# Python: Calculate sine/cosine with a precision of up to 1 million digits

Question is pretty self-explanatory. I've seen a couple of examples for pi but not for trigo functions. Maybe one could use a Taylor series as done here but I'm not entirely sure how to implement that in python. Especially how to store so many digits. I should mention: this ideally would run on vanilla python i.e. no numpy etc.

Thanks!

Edit: as said, I know the question has been asked before but it's in java and I was looking for a python implementation :)

Edit 2: wow I wasn't aware people here can be so self-absorbed. I did try several approaches but none would work. I thought this a place you can ask for advice, guess I was wrong

last edit: For anyone who might find this useful: many angles can be calculated as a multiple of sqrt(2), sqrt(3) and Phi (1.61803..) Since those numbers are widely available with a precision up to 10mio digits, it's useful to have them in a file and read them in your program directly

• you should check the `decimal` module. Jul 18, 2017 at 14:29
• Possible duplicate of calculate sine and cosine functions with precision Jul 18, 2017 at 14:31
• Can you demonstrate any effort at implementing the algorithm you linked to? Jul 18, 2017 at 14:32
• Two first duckduckgo hits for "python arbitrary precision" are mpmath.org and pythonhosted.org/bigfloat . It looks like you did not even bother to search the web before asking. Jul 18, 2017 at 14:46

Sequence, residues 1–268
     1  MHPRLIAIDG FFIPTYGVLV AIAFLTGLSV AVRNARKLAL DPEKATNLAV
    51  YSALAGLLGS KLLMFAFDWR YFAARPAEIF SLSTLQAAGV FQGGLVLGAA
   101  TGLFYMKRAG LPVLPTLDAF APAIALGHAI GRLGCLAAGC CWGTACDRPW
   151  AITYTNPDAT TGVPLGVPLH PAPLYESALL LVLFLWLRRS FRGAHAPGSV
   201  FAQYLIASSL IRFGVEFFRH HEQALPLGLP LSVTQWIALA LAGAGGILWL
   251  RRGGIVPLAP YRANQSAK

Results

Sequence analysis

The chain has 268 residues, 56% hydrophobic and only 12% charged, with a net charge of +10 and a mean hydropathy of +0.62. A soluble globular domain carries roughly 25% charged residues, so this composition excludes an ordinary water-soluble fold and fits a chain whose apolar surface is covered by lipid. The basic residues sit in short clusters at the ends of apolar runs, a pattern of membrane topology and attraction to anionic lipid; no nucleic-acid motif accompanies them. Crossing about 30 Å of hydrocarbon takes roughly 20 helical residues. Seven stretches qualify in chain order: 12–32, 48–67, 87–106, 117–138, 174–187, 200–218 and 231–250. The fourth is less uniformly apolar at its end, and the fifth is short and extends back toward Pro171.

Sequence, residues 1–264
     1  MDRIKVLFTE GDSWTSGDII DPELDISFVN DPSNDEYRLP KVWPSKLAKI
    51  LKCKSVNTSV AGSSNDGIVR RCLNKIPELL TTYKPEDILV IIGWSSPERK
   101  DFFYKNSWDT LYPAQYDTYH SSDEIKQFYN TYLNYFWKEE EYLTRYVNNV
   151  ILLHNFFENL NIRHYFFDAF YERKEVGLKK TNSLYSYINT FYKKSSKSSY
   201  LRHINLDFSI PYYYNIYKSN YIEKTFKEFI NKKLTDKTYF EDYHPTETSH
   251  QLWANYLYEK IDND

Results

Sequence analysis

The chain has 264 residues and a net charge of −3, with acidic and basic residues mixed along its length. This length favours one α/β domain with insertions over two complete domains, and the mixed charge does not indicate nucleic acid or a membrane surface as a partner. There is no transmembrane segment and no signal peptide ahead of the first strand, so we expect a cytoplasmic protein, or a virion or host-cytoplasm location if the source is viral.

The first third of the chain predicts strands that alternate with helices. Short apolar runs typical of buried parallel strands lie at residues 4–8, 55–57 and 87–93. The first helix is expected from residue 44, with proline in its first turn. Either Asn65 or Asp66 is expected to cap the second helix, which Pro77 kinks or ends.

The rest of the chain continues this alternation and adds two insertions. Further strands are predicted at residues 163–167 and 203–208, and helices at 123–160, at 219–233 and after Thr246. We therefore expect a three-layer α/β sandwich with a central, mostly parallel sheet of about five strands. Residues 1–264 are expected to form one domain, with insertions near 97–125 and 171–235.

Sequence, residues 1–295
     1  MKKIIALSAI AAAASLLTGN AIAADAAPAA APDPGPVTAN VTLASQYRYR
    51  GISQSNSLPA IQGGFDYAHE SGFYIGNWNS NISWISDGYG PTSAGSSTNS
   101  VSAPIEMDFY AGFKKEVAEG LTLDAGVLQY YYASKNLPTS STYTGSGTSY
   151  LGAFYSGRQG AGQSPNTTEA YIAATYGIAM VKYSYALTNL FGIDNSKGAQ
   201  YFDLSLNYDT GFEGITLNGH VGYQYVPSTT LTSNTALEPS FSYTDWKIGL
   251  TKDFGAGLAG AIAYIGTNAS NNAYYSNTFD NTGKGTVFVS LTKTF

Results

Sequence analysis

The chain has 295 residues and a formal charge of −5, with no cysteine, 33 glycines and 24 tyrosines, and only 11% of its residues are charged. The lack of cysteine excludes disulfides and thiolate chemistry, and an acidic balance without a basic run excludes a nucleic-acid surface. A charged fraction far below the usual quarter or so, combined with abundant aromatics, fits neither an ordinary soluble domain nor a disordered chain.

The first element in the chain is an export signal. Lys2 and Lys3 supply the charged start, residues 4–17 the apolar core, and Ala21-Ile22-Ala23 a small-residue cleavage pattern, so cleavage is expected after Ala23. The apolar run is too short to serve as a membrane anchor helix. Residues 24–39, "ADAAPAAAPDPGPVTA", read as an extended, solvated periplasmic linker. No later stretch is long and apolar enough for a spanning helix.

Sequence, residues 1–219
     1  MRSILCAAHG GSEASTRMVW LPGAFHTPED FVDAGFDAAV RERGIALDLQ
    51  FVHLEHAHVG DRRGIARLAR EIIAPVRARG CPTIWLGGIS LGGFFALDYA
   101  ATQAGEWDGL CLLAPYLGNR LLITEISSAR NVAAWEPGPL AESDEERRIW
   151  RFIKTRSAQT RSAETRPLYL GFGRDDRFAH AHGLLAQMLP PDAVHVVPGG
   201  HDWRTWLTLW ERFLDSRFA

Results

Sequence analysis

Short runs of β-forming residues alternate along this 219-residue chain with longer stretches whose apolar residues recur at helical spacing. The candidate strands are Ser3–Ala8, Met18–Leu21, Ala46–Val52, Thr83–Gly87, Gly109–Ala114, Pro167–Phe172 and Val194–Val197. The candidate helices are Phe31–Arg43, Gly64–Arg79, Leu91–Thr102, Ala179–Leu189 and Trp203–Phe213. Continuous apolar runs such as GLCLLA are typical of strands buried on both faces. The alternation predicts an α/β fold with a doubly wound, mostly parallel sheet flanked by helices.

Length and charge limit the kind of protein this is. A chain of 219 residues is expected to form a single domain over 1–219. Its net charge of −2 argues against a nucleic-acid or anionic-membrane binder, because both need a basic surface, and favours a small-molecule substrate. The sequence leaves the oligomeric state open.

• Scott Hunter and euxodos: maybe read before posting, I said it should run on vanilla python, no extra modules. Jul 18, 2017 at 14:54

mpmath is the way:

``````from mpmath import mp
precision = 1000000
mp.dps = precision
mp.cos(0.1)
``````

If unable to install mpmath or any other module you could try polynomial approximation as suggested.

where Rn is the Lagrange Remainder

Note that Rn grows fast as soon as x moves away from the center x0, so be careful using Maclaurin series (Taylor series centered in 0) when trying to calculate sin(x) or cos(x) of arbitrary x.

Try this

``````import math
from decimal import *

def sin_taylor(x, decimals):
p = 0
getcontext().prec = decimals
for n in range(decimals):
p += Decimal(((-1)**n)*(x**(2*n+1)))/(Decimal(math.factorial(2*n+1)))
return p

def cos_taylor(x, decimals):
p = 0
getcontext().prec = decimals
for n in range(decimals):
p += Decimal(((-1)**n)*(x**(2*n)))/(Decimal(math.factorial(2*n)))
return p

if __name__ == "__main__":
ang = 0.1
decimals = 1000000
print('sin:', sin_taylor(ang, decimals))
print('cos:', cos_taylor(ang, decimals))
``````
``````import math
x = .5
def sin(x):
sum = 0
for a in range(0,50): #this number (50) to be changed for more accurate results
sum+=(math.pow(-1,a))/(math.factorial(2*a+1))*(math.pow(x,2*a+1))
return sum

ans = sin(x)
print('{0:.15f}'.format(ans)) #change the 15 for more decimal places
``````

Here is an example of implementing the Taylor series using python as you suggested above. Changing to cos wouldn't be too hard after that.

EDIT:

Added in the formatting of the last line in order to actual print out more decimal places.

• OverflowError: long int too large to convert to float when trying your code with range 0 to 500 :( Jul 18, 2017 at 14:52